Pueblo County, Colorado

Contributed by Karen Mitchell.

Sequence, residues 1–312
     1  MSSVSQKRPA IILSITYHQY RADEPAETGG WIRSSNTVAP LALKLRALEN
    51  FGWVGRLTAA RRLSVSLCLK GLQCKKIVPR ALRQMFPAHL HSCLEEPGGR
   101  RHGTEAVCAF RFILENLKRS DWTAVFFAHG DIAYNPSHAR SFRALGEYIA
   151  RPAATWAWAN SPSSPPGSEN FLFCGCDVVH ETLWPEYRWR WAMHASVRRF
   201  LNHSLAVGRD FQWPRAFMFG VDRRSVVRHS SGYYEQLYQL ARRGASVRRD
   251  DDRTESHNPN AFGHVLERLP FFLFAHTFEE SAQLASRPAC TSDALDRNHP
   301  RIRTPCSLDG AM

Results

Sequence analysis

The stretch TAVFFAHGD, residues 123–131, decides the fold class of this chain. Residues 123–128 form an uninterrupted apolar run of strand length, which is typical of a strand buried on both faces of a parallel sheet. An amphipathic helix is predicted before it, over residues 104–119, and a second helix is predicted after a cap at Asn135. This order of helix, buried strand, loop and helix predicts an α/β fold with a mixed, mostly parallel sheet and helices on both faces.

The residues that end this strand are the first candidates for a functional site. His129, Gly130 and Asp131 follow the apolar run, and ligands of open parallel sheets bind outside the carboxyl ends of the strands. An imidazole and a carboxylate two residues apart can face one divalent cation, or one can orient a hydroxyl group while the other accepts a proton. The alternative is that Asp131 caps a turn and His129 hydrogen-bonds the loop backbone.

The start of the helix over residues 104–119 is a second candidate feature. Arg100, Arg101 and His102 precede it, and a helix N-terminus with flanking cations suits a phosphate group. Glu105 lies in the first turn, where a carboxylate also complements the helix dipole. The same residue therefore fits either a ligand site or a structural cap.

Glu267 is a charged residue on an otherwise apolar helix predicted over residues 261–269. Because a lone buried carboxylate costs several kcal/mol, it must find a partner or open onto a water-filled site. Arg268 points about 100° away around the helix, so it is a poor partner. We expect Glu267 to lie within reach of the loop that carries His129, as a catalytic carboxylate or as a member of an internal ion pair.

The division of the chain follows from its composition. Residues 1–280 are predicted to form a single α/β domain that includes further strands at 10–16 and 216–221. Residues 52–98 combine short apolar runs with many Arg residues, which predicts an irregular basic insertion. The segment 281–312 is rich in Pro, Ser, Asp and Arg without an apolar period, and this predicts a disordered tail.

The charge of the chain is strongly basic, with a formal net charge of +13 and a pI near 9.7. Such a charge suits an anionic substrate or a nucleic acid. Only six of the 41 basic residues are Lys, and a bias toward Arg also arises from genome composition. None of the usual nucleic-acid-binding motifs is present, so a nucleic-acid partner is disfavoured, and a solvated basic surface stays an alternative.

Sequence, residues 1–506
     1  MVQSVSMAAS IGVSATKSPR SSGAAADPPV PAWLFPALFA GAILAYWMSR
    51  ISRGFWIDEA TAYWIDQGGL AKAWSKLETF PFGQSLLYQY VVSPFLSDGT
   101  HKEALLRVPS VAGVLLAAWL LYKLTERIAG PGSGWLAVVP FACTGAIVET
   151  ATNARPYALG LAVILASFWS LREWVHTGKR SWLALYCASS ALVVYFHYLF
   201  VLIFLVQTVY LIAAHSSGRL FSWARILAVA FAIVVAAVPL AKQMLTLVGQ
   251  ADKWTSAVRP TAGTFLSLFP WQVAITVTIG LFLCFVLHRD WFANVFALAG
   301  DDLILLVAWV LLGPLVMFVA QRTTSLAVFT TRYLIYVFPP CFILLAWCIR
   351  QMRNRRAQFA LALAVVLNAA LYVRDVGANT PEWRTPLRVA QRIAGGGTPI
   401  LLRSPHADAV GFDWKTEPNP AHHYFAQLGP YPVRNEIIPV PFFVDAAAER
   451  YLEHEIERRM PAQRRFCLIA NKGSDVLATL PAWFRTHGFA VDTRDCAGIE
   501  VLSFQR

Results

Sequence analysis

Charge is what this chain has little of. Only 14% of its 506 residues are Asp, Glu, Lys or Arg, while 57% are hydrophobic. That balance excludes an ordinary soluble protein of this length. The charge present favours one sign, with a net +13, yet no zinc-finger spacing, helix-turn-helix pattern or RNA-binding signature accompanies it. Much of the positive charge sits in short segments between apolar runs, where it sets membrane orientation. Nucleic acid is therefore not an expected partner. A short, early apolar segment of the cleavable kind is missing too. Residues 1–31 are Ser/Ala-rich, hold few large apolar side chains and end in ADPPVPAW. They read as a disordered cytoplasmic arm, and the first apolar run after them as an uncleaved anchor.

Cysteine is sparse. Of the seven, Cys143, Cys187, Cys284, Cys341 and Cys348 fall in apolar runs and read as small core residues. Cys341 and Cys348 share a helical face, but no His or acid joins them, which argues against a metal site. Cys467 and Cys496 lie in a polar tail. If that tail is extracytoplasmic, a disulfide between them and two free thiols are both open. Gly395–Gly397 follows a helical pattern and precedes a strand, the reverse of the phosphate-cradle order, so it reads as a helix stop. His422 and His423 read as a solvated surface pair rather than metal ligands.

Mr. Walley was born September 5, 1837, near the city of Albany, Albany Co., N. Y., and worked on a farm and at the butcher's trade until he was nineteen, except a part of four winters when he was sent to school. Successful farming and speculation in stock, cattle and sheep, at home, occupied his time from his nineteenth year up to his twenty-eighth. Discontinuing farming and dealing in stock, in 1860, he learned masonry in Chicago, and either with the trowel in hand, or contracting to furnish material for buildings or to build them, he has worked at his trade ever since, all but two years of speculation in horses in Topeka, Kansas, and Denver and South Pueblo, Colorado, to which places he shipped many carloads of horses and realized a " margin" on them. On the Atchison, Topeka & Santa 176 Railroad, and the Kansas Pacific Railroad, he did masonry in 1868, 1869 and 1870. The breaking-up of his camp by Indians on the latter road terminated his railroading, and the fall of 1872 after his stock speculating in Topeka and Denver, witnessed his arrival in South Pueblo with two car-loads of American horses, and the exchanging of them for town property. Two years of work at his trade in South Pueblo, during dull times, resulted in his looking elsewhere for work, and the taking of a contract to build the Malta Smelter, at Malta, Lake County, and the burning by him of the first brick burnt in California Gulch. Returning to South Pueblo in December, he worked a year, and again went to Malta, and burned 40,000 bushels of coal for the Malta Smelting Company. South Pueblo was to be his home, and 1878 found him within its limits completing the Walley Block, a building 50x125 feet, occupied on the ground floor by a wholesale and retail grocery, above by room renters and the Masonic lodge, and which brings him in a monthly rent of several hundred dollars. Contracting to furnish stone from a valuable stone quarry he owns, brick from a brick-yard in which he manufactures a million bricks every month, and to build buildings of any dimension is now done by him on a scale which astonishes. He has on hand and will complete them this month, July, 1881, contracts to build four wholesale houses for H. L. Holden, the large new round-house for the Denver & Rio Grande Railroad, the Alexander & Beacham Block, Holden Brothers Bank Block, Moore & Carlile Opera House (nearly finished), a store for L. McLaughlin, the Masonic Temple and the Baptist Church on the mesa; and residences each for Rev. Mr. Tompkins, Daniel Kellen and J. N. Kline. He was a member of the South Pueblo Council in 1878-79, elected Mayor of the city April, 1880, and re-elected in 1881.   History of the Arkansas Valley, Colorado O L Baskin & Co., Chicago, 1881

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